Every Wednesday is notable at my house, because it is the day that new releases hit the shelves of our local comic book store (waves at the guys at Comic Book College on Hennepin Ave).
Fairly recently – within the last couple of years – my daughter and I have both become comic book fans. Her more than me, but still. This is quite the turnaround for me. Oh, I watched my share of Saturday morning cartoons when I was a kid, but I was never enamored of them. My own kids went through infatuations with Teen-Aged Mutant Ninja Turtles, Power Rangers, Pokemon, X-Men, Spider-Man, the Avengers, et al, but virtually all of those interactions were through television shows, movies, or trading cards. Rarely, if ever, did comic books come into play, even if that’s where their heroes first appeared.
Then a few years ago my daughter – a budding film student, and hardcore geek girl – wrote a paper entitled “Why Now is the Time for a Wonder Woman Movie.” While helping her with research, I became intrigued with Wonder Woman (who I had only known previously through the 1970s television show starring Lynda Carter). Add to that my daughter’s infatuation with Matt Fraction’s Hawkeye series (Marvel, 2012 – 2015) and a growing excitement about comic books amongst her friends (which found its way into other nerdish enthusiasms), and suddenly comic books became “a thing” in our household.
For a middle-aged (I’m being generous here) woman with grown children to start frequenting a comic book shop, a few things needed to be in place: a love of sharing interests with my kids, a wonderful local shop where I never felt out of place, and a lack of care on whether I was entering the hallowed halls of comic book fandom on what others might consider illegitimate standings. That’s one nice thing about getting older: who the hell cares about propriety?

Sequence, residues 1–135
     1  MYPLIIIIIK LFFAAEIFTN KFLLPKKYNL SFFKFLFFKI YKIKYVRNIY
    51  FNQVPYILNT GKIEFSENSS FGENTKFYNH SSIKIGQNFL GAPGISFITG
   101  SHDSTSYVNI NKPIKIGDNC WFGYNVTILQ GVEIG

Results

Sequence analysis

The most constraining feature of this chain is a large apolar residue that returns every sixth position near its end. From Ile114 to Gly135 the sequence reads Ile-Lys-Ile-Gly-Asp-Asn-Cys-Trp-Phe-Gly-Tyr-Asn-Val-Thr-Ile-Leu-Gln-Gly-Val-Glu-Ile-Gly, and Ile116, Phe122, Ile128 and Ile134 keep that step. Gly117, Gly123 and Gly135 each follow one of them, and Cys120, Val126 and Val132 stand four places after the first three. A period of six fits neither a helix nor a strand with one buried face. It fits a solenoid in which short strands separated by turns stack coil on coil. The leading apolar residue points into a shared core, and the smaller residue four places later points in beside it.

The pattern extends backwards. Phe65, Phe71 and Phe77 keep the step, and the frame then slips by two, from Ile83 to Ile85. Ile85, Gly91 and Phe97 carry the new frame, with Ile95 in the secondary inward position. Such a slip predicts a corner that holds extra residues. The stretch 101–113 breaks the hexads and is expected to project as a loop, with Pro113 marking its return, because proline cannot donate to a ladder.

I don’t know if it’s politically correct to feel the way I do, or if I’m treading on toes or showing my ignorance, but I’ve found that I’m not all that interested in comic book dynasties (well, except for Wonder Woman, but she’s near and dear to my heart). Instead, there are three triggers that can pique my interest in a comic book.
1 – It’s written by an author I know through other mediums. For example, Holly Black’s Lucifer series for Vertigo; Benjamin Percy’s run of DC’s Green Arrow, starting at #41; and Paul Cornell’s This Damned Band, at least for a few issues.
2 – It’s a new comic: “#1” will almost always have me at least checking out the inaugural issue, to see if I want to jump on board. And if it’s a #1 issue that has been written by a woman, or with a woman as the lead artist, I’m more likely to give it serious consideration. Also, if it’s unconventional somehow. Who wants the same old, same old?
3 – It has something to do with Wonder Woman. Not that I buy every iteration of Wonder Woman out there (Wonder Woman and Superman? No thanks.) But if Wonder Woman is involved, I’ll at least give it a lookover. I’ve been known to buy a WW comic just because it has a kickass cover.